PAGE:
3. Just a historical point (ignoring that the Constitution was technically an illegal document that usurped our original "constitution"). Citizens actually did not have a lot of guns back during the Revolution. In fact, rarely did anyone have guns; the British military was there to protect the colonists at that point, so there was no need for weapons. Some far off settlers had rifles for hunting, but that was it. Before the Revolution, the British garrisons were stationed on the frontier not to keep Indians out, but to keep the settlers from going after the Indians (after all, the British military would then need to risk their lives in any rescue operations). Settlers were not happy about that.

    Secondly, after the Revolution, citizens did not have guns on their possession; they were stored at local armories and controlled by the local constables. This is what made Shay's Rebellion so dangerous for the fledgling federal government; there was no organized military to stop angry landowners that went bankrupt from war debts and lost their homes. The local "militia" stormed the armory, and stole the weapons. This was a catalyst for the ability to tax and to raise/maintain an army that was included in the new Constitution (and was not originally included in the Articles of Confederation).

    The reason why the Second Amendment was included was because those sympathetic to Shay's Rebellion controlled the state legislatures of a handful of states. Their bargaining chip for their ratification votes was to include a Bill of Rights (which was ratified 11 years after the Constitution was signed, if memory serves me correctly).

    It wasn't until the 1800s that guns became ubiquitous with American lifestyle as the West was explored and conquered.

  4. I've had a drifting viewpoint of guns to several extents now.

    Firstly, I, personally, would rather die in a home without guns than live in a home with guns. BUT, that is because I live in an urban environment, I'm not paranoid about my safety, and I have good neighbours.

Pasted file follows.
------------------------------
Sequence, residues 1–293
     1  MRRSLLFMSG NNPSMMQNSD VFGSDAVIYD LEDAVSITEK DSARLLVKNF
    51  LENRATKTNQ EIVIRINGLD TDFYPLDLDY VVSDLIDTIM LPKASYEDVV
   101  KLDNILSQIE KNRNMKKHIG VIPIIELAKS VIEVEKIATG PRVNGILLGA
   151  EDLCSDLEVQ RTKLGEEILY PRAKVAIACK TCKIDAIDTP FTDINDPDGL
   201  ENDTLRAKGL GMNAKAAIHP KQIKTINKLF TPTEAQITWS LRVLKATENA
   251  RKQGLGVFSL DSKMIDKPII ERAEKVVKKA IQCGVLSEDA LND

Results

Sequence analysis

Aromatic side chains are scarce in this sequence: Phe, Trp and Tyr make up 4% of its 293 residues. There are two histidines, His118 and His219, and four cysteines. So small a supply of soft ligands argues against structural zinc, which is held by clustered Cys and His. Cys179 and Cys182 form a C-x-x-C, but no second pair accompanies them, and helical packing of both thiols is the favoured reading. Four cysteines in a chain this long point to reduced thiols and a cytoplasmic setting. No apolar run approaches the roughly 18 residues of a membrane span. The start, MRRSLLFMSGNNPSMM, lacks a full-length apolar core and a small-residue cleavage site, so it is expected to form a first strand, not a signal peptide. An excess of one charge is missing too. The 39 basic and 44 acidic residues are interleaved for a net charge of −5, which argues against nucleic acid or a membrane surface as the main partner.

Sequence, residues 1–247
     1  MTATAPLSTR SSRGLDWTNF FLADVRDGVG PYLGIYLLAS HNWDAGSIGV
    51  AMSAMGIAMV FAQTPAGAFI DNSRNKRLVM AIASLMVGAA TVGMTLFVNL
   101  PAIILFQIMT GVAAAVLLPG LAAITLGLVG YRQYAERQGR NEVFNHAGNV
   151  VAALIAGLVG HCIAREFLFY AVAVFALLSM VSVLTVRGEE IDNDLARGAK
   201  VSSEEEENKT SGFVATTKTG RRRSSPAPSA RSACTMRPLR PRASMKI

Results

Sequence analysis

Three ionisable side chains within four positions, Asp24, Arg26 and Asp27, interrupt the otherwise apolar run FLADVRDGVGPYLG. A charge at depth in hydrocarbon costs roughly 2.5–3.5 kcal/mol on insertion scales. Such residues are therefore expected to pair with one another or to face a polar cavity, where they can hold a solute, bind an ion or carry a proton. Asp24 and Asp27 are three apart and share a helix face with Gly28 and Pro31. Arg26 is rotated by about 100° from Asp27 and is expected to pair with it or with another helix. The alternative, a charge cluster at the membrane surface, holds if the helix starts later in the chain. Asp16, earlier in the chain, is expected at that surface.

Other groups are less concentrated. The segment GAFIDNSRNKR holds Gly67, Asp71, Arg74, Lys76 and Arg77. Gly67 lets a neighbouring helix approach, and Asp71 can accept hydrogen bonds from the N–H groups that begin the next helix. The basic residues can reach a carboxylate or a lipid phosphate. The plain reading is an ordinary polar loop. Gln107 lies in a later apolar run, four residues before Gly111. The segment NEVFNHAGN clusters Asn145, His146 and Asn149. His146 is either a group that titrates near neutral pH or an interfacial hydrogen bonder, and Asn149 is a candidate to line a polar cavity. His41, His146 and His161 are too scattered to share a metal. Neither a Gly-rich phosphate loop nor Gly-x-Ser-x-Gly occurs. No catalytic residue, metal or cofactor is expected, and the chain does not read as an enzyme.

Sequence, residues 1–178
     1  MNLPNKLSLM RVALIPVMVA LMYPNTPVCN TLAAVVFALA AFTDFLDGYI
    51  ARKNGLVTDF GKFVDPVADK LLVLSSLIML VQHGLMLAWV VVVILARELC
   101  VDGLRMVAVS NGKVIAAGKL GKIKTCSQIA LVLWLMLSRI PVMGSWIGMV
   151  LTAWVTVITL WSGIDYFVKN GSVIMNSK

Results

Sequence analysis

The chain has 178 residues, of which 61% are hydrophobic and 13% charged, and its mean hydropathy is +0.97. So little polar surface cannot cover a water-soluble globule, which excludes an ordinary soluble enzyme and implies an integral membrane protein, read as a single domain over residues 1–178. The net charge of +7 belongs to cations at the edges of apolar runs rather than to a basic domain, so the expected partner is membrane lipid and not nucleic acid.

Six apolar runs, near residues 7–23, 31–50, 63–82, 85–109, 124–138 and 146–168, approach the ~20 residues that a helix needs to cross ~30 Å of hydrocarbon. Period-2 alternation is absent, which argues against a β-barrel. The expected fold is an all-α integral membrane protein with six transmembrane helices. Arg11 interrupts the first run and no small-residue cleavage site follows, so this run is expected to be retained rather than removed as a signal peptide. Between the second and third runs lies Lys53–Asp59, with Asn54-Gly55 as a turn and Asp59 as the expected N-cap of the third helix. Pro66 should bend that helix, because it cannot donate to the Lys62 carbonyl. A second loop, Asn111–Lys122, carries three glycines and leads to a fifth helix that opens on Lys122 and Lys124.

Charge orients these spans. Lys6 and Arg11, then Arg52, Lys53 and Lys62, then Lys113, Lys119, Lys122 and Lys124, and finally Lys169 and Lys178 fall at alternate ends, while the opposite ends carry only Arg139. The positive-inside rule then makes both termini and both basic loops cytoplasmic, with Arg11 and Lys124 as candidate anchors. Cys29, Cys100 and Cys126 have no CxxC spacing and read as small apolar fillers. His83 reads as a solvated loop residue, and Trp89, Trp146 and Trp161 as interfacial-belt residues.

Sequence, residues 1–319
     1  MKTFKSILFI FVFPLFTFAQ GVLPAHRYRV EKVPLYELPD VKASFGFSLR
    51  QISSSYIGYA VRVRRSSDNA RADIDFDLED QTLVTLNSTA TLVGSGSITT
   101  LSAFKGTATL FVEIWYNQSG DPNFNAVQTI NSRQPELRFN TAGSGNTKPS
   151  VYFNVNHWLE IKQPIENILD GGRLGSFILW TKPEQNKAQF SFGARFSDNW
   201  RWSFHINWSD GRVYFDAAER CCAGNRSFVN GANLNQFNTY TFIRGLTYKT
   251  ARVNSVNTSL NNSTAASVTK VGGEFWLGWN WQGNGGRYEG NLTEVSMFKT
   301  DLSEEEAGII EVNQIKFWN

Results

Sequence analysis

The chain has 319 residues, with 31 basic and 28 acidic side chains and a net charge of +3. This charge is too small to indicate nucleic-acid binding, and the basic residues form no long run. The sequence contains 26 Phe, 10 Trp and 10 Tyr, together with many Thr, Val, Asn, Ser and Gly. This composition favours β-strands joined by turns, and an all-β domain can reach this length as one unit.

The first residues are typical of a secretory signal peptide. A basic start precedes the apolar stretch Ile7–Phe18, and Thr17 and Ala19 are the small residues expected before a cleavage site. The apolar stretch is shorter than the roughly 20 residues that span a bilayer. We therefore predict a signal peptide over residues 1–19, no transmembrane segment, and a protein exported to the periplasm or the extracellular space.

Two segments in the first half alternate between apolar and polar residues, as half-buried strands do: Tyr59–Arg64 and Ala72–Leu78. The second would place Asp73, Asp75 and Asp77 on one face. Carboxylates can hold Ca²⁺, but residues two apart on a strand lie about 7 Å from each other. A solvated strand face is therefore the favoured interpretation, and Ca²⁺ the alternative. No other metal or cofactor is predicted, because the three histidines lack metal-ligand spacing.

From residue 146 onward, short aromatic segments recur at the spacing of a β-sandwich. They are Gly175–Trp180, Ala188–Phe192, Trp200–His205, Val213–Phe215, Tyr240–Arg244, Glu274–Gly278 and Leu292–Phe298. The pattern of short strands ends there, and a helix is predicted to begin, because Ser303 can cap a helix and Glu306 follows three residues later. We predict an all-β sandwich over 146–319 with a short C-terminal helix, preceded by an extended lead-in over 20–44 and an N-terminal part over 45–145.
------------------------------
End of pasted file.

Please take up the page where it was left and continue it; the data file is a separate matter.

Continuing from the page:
Secondly, my stance on guns changes once we get outside metropolitan areas. In metro areas, guns are synonymous with crime. In rural areas, they're synonymous with safety, hunting, self-preservation, and defence of property and self. Those are two very different things.

    Thirdly, I've become resigned to the overarching American culture around guns because it is rooted in this notion that we can split off at any time. The problem I have with it is that no one is going to realistically secede, even though they should have the right to do so (and good riddance to those that want to).

    One thing you seemed to miss, that is related to this third point, is that the Civil War was sort of based on this notion. Federal versus confederate: central power versus decentralised power. And it was brought to arms particularly because people had them and wanted to defend their position on this issue.

    The unity of the US is tentative when you delve deep. There are 5 or 6 major cultural groups, mostly set forth by religion, urbanisation, and geographic and immigrant backgrounds. We all speak the same language (except for the newish latino factions), but have very different mentalities. It is surprising to me that we've stuck together as long as we have, especially considering our background.

    That said, if Cascadia wanted to ally with the republic of California and split off, I wouldn't have issue with it... but I also wouldn't take arms to make it happen.

    And, @Eric Stepp: Thank you for the history about armouries. I learned a lot there!

  5. One other amusing thing: if you renounce your U.S. citizenship, you can no longer legally buy a gun in the U.S. (18 USC 922(g)(7)) --- just like a fugitive, child abuser, or mental-illness sufferer. The U.S. fought so hard to convince other countries to recognise the right of expatriation (e.g. with the Bancroft Treaties), but when Americans exercise that right, they're treated as criminals.

    Of course, the obvious reason such a restriction got created is that it's a win for both parties. The Democrats get to tout it as a "gun control success" and a punishment for fatcat tax evaders despite the fact that it does absolutely nothing to restrict access to guns by people who actually live in the country. And the Republicans get to look "reasonable" on gun control to centrists without giving any actual ground that affects their base, and if the outside wing of their party really tries to call them to account on it, they'll say it's appropriate punishment for "un-American traitors".

  6. Technically, the Firearms Act 1997 banned private automatic & revolver pistols; non-automatic rifles & shotguns may still be privately owned, with the appropriate certificate (issued by police), and automatic rifles were banned in 1988.